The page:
The discovery of penicillin marked a major turning point in medicine, introducing doctors to some of the most powerful tools at their disposal: antibiotics.
It was November 1993. The No. 1 song in the U.S. was "I would do anything for love (But I won't do that)," by Meatloaf. The movies playing at the local theater included "Mrs. Doubtfire" and "The Three Musketeers." Bill Clinton was the president.
Editor’s note: Michael Rogers, an operations analyst in the Office of Health Indicators and Planning at the Georgia Department of Public Health, wanted to start living a healthier lifestyle.
A new tool in Georgia’s fight against HIV/AIDS received national attention Monday when it was featured during the White House’s observance of World AIDS Day.
Originally published Nov. 19, 2012
At many holiday gatherings, cooking the meal is as big a part of the festivities as eating it. But the most important ingredient is kitchen safety.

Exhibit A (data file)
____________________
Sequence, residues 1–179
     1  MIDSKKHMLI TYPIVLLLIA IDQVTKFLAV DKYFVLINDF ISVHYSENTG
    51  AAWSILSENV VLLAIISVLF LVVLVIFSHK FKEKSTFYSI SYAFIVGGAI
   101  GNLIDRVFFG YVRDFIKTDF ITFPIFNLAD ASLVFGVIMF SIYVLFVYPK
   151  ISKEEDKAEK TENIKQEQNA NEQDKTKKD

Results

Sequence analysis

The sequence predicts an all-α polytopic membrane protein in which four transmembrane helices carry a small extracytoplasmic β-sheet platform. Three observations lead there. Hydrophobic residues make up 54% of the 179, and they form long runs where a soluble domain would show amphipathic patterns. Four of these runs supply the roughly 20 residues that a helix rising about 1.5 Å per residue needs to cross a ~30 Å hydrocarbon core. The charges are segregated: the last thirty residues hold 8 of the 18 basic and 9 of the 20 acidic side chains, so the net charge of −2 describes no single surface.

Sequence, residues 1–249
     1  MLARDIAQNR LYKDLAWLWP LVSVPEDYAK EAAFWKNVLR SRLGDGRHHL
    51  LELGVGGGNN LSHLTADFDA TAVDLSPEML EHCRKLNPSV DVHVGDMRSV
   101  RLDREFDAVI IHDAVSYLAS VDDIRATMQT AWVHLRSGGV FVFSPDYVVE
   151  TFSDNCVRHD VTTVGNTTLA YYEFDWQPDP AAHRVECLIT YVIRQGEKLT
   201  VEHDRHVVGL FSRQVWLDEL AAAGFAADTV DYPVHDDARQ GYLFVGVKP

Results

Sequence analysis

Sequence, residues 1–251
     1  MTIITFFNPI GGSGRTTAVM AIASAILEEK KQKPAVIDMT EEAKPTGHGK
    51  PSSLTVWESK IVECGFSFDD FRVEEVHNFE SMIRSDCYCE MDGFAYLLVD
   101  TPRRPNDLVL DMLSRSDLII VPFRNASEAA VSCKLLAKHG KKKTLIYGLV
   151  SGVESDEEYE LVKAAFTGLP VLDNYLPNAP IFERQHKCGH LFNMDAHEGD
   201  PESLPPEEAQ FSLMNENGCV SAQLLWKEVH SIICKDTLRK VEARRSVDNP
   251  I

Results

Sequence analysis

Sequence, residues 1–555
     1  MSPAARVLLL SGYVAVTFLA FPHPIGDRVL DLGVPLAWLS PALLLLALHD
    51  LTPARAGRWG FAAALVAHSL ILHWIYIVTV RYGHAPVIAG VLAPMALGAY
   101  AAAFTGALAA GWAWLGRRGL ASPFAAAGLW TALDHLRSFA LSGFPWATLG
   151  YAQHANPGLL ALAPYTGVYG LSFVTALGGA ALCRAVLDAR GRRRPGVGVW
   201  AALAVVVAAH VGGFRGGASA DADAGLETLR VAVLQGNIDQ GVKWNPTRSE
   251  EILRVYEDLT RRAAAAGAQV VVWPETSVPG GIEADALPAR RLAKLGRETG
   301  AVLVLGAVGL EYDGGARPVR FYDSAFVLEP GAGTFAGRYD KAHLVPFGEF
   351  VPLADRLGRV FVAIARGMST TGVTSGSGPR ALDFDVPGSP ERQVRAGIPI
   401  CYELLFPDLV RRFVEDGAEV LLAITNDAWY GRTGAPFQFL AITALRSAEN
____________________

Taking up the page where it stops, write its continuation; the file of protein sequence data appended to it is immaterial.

Bullying can make life unbearable for children, and the consequences for victims can last long after school is done.
In August, Georgia state Sen. Renee Unterman was named Legislator of the Year by the National Association of Local Boards of Health (NALBOH).
In the past six months, people have been seeing Georgia SHAPE all over the state. Wherever it goes, the exhibit is not hard to spot.
When David Eller’s doctor told him that he had type 2 diabetes nearly 20 years ago, his wife, Helen Eller, was worried. She was sure her husband wouldn’t cooperate with the drastic changes to diet and lifestyle that the disease requires.
If you’re lucky, these are a few of the things you may think about on Thanksgiving: trying not to overeat and wondering what in the world you’re going to do with all those leftovers.